[T]he case stems from a suit filed by parents of a student who was kicked out of school for not standing to recite the pledge. The student and her parents say the school violated her First Amendment rights with that punishment.
“Attorney General Paxton says that it’s a ‘moral good.’ He said, in a statement, that kids learn about citizenship and patriotism from saying the pledge every morning,” McGaughey says.
A First Amendment expert McGaughey talked to says he believes the Texas requirement that students recite the pledge is unconstitutional.The Texas Standard
Ken Paxton is a Christianist. He wants to force Americans to worship his God. This is a documented fact that anyone can discover for themselves with a simple web search. A good portion of Texas agrees with him and his fascist views concerning the Freedom of/from Religion guaranteed by the US Constitution. If evil exists (and I am agnostic on the existence of evil) but if evil exists his views and the views of his fellow Christianists are an active evil in the mind of modern America. Ken Paxton should be shunned. He should be rejected at the polls. If you vote for Ken Paxton you are voting for evil. You should understand this about yourself.
I have a distinct opinion on the subject of forcing children to pledge allegiance, as the title of this article and the above paragraph should make abundantly clear. My qualms about the wisdom of making children pledge allegiance before they are old enough to know what words like allegiance mean go back to an early reading of The Children’s Story by James Clavell. In that story the children in a generic classroom are introduced to a new teacher sent to them by their new government. That teacher explains the intent behind the words of this pledge they’ve been forced to recite all their young lives, but the explanation she offers is a lie, and the children are too young and impressionable to know that they are being lied to by an authority figure.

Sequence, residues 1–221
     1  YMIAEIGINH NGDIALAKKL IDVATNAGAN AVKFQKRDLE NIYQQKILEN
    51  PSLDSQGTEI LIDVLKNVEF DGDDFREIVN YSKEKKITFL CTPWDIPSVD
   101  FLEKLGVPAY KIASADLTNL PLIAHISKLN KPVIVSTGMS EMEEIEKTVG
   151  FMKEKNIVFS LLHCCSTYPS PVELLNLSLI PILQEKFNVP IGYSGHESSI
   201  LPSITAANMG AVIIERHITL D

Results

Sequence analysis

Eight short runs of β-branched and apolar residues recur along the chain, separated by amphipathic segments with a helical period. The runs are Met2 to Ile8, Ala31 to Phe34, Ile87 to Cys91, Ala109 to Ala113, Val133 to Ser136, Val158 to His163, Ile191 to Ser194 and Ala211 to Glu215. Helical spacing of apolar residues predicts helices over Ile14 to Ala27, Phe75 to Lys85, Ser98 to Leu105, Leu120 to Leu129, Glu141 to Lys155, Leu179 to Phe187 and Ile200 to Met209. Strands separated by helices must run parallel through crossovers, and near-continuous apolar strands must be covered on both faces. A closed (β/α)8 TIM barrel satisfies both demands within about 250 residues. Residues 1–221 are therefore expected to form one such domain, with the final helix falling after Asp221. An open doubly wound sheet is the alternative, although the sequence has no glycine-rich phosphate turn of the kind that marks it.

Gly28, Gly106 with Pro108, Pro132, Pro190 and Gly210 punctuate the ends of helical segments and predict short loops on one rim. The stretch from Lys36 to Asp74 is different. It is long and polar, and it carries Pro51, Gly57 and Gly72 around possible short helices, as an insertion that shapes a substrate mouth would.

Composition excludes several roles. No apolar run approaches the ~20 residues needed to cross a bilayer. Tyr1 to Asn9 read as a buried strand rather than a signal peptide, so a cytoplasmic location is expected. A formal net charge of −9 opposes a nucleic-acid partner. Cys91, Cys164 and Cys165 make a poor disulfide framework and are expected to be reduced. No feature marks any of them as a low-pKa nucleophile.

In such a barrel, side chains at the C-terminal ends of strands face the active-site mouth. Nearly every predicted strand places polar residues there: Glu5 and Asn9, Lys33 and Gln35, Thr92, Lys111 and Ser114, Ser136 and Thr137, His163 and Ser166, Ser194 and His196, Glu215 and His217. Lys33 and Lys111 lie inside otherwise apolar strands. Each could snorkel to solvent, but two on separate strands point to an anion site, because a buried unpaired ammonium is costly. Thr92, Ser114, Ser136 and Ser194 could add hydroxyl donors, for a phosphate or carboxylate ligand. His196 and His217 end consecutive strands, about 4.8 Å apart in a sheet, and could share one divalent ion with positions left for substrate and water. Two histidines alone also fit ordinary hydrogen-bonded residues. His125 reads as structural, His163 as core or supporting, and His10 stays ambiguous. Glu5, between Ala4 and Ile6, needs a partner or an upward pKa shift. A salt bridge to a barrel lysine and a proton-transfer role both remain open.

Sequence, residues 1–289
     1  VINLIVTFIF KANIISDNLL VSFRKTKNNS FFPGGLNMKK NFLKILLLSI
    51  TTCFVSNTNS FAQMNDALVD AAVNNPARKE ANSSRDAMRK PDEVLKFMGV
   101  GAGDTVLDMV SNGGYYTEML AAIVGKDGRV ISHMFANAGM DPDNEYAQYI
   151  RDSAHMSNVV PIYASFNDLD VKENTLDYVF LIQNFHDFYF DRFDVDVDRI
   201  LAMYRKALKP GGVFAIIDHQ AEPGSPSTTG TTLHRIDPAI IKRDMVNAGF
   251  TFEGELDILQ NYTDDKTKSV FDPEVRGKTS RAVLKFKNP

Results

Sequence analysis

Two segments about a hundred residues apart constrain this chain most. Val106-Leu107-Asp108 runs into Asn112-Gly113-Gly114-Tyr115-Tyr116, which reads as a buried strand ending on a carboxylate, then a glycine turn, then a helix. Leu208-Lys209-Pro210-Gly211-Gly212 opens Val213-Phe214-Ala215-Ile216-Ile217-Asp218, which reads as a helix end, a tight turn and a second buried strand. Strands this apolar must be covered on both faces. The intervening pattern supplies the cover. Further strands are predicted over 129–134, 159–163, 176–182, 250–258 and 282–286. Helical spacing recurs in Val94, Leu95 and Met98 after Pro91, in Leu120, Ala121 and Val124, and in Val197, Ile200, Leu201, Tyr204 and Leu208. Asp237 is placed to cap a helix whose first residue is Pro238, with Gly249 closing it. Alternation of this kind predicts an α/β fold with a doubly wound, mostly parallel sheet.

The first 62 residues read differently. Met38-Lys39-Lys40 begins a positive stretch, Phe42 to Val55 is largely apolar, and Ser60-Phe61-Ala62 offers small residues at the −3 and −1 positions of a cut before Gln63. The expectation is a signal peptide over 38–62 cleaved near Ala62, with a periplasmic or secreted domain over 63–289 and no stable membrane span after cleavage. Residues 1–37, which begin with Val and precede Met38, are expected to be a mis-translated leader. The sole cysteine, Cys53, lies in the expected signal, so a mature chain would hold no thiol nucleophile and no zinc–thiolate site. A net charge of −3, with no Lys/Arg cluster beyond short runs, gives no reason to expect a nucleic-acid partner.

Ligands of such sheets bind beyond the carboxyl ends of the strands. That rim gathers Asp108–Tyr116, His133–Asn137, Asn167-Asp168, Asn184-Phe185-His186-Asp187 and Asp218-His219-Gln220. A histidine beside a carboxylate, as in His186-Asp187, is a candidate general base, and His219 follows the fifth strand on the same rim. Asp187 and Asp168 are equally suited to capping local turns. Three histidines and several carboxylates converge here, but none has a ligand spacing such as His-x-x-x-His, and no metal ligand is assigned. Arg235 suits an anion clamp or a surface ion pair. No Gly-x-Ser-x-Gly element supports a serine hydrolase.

These qualms came to a head for me when Texas passed a law requiring that children pledge allegiance to the Texas flag as well as the U.S. flag. I received a flyer amongst several other pieces of documentation sent home from school with my children the year this law went into effect, a flyer informing me that Texas law required all students to mouth the words of the United States pledge of allegiance, as well as the then newly revised Texas pledge of allegiance (HB 1034) in addition to observing a moment of silence once each day (SB 83) a practice that intended to re-introduce morning prayer into Texas public schools.
The sponsor of HB 1034, when queried on the subject of religion, had this to say (source, Capitol Annex: More HB 1034 Exchanges):
BURNAM: Are you aware that Governor Perry has recently said, “Freedom of religion should not be taken as freedom from religion.” And my question is, do you agree with that statement, Ms. Riddle?
RIDDLE: I would say, Amen.
Which pretty much sums up the intent of the modification of the pledge, and the accompanying minute of silence. It also showed the utter contempt the governor and the majority of the legislature had for anyone who didn’t share their particular christian beliefs. Freedom of religion is a meaningless concept unless it includes freedom from religion; requiring someone to have a religion places constraints upon the person, negating any freedom of conscience that might be present at all.